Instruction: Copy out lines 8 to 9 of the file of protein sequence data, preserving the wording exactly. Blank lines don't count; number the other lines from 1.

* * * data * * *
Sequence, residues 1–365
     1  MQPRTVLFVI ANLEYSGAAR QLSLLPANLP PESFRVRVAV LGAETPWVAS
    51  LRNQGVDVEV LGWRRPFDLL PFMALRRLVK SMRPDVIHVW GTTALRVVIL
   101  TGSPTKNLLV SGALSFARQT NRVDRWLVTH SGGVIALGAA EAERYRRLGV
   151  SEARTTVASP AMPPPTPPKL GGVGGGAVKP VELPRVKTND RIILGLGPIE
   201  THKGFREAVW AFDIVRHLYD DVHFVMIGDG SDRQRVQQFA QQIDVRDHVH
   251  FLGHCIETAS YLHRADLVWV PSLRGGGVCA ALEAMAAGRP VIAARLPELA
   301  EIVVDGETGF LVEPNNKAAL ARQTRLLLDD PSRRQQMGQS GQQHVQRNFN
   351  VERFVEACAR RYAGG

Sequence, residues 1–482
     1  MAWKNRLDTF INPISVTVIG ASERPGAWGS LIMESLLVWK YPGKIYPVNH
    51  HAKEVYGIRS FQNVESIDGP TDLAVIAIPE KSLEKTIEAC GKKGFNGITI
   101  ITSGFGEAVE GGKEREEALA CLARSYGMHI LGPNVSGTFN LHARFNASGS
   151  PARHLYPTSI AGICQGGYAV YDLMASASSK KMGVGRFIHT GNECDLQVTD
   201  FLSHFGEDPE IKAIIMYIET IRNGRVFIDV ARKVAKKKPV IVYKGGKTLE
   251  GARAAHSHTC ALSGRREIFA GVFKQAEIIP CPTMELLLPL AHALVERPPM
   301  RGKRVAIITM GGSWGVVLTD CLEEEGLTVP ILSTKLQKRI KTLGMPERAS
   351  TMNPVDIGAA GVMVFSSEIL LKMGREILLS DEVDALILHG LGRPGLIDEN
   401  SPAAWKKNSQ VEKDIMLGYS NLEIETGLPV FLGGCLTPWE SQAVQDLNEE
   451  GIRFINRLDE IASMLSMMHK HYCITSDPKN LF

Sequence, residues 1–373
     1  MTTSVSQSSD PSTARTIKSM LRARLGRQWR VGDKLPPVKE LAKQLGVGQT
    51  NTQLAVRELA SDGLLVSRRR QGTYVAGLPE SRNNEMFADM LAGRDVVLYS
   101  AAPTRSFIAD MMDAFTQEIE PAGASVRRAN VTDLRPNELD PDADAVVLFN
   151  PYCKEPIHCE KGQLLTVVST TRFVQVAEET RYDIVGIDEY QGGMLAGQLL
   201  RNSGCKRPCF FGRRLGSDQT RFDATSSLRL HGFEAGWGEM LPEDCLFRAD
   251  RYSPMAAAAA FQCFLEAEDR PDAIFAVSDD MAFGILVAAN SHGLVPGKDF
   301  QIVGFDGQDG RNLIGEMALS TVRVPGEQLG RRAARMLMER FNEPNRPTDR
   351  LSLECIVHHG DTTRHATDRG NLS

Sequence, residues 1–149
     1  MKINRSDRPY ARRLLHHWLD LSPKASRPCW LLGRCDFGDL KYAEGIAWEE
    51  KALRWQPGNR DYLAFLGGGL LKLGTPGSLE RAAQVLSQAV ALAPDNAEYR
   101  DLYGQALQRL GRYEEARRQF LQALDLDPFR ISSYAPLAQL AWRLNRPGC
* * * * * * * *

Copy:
   301  EIVVDGETGF LVEPNNKAAL ARQTRLLLDD PSRRQQMGQS GQQHVQRNFN
   351  VERFVEACAR RYAGG